COVID-19 Resources: Keeping you safe | Vaccine Information | Visitor Policy and Hours
Maine Street Closure: Learn More
View All Services
Find a New Primary Care Provider
Search by Specialty
View All Locations
Discover classes, events, tours, and groups that fit your interests.
Home > Be Healthy > Health Library > Nail Problems and Injuries
Minor fingernail and toenail problems are common. At one time or another, almost everyone has caught a nail on something, causing it to rip, or has smashed a finger in a door, leaving blood under the nail. These kinds of injuries can be quite painful but are usually not serious. You can often relieve pain and prevent infection of minor nail problems at home.
Normally, fingernails grow about one-tenth of a millimeter each day. Toenails grow at about one-half or one-third the rate of the fingernails. Aging and diseases that decrease blood flow to the hands and feet may slow nail growth.
Common nail changes include:
Nail problems can also be caused by:
Check your symptoms to decide if and when you should see a doctor.
Many things can affect how your body responds to a symptom and what kind of care you may need. These include:
You have answered all the questions. Based on your answers, you may be able to take care of this problem at home.
Pain in adults and older children
Symptoms of infection may include:
Certain health conditions and medicines weaken the immune system's ability to fight off infection and illness. Some examples in adults are:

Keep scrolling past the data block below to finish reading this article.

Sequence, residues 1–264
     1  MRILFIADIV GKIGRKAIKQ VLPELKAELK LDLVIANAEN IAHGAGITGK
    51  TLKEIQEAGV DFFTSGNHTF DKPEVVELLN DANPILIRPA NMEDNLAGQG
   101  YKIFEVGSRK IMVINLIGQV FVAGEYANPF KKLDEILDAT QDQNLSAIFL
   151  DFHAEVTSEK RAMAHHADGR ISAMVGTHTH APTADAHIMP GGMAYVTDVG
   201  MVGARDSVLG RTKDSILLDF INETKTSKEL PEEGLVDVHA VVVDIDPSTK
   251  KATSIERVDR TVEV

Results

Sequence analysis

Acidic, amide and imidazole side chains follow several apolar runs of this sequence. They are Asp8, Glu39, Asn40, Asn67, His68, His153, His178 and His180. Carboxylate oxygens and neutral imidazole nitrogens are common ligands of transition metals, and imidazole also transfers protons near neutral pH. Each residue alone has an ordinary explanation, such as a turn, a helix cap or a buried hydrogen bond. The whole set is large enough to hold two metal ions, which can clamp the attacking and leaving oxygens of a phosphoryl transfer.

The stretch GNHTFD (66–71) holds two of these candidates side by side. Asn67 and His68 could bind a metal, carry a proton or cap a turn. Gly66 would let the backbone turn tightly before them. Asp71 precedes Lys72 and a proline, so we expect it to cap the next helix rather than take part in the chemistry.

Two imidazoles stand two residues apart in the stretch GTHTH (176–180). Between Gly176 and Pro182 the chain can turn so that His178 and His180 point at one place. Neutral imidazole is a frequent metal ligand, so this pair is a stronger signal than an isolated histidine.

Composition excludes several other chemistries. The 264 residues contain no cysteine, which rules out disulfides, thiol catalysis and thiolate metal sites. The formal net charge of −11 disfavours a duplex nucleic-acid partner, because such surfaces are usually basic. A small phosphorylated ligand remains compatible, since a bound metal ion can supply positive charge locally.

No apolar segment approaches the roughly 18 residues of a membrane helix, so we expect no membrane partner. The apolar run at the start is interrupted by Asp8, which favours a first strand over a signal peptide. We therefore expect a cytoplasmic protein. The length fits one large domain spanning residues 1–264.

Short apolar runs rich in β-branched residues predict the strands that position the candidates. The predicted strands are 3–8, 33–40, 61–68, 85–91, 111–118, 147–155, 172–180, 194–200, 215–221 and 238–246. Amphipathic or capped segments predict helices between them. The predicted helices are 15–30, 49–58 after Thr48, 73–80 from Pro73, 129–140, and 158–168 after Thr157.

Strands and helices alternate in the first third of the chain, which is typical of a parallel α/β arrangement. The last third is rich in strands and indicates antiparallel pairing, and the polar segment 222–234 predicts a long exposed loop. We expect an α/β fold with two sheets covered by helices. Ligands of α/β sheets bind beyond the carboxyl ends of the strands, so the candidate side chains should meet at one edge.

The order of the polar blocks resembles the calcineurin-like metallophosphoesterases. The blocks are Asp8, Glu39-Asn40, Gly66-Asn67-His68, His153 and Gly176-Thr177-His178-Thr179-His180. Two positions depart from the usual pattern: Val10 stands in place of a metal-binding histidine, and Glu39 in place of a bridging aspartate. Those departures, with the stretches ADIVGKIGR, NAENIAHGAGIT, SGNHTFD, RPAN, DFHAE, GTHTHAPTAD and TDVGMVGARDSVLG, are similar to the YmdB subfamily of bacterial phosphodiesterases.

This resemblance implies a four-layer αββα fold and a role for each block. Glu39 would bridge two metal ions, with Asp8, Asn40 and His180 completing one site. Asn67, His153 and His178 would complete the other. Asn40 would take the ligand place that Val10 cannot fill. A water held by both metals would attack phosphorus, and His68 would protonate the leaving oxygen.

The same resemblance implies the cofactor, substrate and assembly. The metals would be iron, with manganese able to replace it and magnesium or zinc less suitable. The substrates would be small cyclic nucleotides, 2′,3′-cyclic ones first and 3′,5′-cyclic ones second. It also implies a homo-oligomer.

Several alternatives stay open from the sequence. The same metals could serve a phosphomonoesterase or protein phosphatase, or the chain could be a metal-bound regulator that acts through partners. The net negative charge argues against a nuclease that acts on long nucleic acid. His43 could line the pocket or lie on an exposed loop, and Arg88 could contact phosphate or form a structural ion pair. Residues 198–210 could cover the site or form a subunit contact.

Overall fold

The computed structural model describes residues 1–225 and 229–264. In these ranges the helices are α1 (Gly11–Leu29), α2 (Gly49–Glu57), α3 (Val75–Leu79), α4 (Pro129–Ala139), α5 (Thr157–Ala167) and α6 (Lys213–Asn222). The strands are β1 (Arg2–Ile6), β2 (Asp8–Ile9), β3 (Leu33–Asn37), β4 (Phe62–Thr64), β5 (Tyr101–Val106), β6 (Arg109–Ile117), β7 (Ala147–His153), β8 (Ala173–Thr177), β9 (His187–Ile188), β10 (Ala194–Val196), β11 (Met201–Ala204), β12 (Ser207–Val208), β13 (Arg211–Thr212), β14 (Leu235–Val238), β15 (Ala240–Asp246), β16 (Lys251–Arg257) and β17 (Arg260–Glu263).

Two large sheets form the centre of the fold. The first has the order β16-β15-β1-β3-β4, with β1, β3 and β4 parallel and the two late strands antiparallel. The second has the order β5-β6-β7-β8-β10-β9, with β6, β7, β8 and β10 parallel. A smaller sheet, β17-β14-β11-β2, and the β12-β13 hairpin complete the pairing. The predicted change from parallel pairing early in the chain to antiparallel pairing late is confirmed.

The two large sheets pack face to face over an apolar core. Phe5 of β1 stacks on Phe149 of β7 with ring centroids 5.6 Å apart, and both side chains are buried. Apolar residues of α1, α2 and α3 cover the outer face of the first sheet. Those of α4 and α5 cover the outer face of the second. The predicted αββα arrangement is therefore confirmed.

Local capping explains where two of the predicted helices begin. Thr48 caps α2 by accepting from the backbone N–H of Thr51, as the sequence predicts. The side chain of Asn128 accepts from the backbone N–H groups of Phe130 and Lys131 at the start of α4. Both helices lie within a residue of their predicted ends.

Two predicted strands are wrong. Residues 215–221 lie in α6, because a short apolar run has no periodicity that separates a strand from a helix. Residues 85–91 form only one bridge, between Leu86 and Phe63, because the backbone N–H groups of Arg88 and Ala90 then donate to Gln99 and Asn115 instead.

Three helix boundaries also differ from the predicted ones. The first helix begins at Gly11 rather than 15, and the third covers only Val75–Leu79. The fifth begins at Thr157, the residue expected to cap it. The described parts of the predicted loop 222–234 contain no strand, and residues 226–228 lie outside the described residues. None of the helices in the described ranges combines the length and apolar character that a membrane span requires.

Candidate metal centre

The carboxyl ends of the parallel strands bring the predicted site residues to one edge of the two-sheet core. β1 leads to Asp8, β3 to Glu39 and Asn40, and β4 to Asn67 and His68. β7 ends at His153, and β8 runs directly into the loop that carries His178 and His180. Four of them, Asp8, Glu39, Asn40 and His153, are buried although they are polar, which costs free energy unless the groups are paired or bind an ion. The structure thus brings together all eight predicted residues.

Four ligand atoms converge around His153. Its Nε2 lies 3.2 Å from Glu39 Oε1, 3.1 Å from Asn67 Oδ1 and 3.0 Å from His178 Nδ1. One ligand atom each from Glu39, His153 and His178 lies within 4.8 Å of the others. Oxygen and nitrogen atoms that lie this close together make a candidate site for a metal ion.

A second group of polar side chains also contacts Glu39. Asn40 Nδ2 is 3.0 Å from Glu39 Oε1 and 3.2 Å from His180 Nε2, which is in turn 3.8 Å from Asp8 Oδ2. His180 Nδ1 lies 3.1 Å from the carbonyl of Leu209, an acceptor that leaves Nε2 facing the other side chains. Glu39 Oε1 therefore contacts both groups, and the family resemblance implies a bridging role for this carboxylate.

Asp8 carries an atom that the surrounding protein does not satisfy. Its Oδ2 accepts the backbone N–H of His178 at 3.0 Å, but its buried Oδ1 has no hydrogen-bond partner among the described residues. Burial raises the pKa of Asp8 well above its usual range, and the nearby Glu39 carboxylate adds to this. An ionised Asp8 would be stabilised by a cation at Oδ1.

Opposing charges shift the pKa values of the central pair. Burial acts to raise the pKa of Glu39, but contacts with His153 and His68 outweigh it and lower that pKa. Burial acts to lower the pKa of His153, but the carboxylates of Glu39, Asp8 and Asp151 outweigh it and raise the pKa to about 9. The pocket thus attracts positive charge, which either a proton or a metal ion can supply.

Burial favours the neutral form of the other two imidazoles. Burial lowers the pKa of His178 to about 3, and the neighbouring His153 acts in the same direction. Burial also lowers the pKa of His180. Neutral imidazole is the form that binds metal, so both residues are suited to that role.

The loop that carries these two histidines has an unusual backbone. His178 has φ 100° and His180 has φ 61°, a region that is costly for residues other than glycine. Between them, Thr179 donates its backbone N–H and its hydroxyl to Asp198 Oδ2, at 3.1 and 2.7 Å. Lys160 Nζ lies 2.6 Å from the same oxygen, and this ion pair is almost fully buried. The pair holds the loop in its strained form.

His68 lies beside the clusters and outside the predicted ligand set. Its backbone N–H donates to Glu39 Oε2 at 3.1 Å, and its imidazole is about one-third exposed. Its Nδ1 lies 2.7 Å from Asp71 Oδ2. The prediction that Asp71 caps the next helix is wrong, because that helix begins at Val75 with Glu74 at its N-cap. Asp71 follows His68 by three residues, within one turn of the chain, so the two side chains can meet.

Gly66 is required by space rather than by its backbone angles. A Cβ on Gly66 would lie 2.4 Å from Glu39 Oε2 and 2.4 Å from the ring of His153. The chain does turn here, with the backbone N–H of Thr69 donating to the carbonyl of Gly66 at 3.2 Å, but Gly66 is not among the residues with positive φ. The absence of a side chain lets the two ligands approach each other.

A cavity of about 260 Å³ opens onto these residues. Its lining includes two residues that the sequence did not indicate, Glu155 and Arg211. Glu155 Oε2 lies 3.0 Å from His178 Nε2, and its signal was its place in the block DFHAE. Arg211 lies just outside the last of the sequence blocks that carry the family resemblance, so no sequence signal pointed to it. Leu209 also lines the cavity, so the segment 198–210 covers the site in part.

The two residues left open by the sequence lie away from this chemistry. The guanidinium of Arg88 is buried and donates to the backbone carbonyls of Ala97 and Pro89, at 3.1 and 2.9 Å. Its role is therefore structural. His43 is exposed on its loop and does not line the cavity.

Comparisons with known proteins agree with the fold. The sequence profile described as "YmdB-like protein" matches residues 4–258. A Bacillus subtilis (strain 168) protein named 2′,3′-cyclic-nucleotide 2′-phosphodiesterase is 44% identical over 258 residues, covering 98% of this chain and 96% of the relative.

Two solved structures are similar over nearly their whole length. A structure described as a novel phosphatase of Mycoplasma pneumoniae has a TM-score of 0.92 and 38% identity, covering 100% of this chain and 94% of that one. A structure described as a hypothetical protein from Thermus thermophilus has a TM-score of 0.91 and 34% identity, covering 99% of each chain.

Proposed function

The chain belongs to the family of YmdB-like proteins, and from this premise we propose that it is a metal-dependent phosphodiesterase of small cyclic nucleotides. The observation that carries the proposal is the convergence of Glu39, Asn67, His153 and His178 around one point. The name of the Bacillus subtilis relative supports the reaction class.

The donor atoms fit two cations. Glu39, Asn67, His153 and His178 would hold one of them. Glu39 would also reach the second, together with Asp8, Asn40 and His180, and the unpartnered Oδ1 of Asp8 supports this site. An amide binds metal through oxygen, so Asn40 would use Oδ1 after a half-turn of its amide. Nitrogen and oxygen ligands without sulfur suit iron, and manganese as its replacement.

Based on your answers, you may need care soon. The problem probably will not get better without medical care.
Based on your answers, you may need care right away. The problem is likely to get worse without medical care.
Based on your answers, the problem may not improve without medical care.
Home treatment can help relieve pain, prevent infection, and promote healing. To relieve pain from an injury to the nail, try the following:
Try a nonprescription medicine to help treat your fever pain:
Talk to your child's doctor before switching back and forth between doses of acetaminophen and ibuprofen. When you switch between two medicines, there is a chance your child will get too much medicine.
Be sure to follow these safety tips when you use a nonprescription medicine:
Call your doctor if any of the following occur during home treatment:
To prepare for your appointment, see the topicMaking the Most of Your Appointment.
You can help your doctor diagnose and treat your condition by being prepared to answer the following questions:
Current as of:
July 1, 2021
Author: Healthwise StaffMedical Review: William H. Blahd Jr. MD, FACEP - Emergency MedicineAdam Husney MD - Family MedicineKathleen Romito MD - Family Medicine
Current as of: July 1, 2021
Author: Healthwise Staff
Medical Review:William H. Blahd Jr. MD, FACEP - Emergency Medicine & Adam Husney MD - Family Medicine & Kathleen Romito MD - Family Medicine
To learn more about Healthwise, visit Healthwise.org.
© 1995-2021 Healthwise, Incorporated. Healthwise, Healthwise for every health decision, and the Healthwise logo are trademarks of Healthwise, Incorporated.